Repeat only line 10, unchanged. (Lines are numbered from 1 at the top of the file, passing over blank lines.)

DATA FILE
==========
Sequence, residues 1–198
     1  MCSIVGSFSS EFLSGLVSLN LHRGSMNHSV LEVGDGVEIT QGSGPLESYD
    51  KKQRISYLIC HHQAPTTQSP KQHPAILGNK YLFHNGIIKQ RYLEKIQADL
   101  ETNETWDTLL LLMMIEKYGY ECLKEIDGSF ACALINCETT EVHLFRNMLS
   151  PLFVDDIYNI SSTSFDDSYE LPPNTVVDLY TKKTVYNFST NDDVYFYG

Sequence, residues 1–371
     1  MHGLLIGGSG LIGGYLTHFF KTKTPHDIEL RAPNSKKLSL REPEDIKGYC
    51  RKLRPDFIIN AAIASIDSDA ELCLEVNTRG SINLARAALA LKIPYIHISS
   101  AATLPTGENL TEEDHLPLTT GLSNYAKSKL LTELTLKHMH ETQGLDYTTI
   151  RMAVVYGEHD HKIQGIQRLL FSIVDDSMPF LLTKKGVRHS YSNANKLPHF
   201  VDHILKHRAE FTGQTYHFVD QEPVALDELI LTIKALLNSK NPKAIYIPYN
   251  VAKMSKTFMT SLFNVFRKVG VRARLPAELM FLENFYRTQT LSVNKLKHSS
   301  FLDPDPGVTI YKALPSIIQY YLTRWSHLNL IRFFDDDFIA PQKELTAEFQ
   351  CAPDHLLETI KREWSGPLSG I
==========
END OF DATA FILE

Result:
   151  RMAVVYGEHD HKIQGIQRLL FSIVDDSMPF LLTKKGVRHS YSNANKLPHF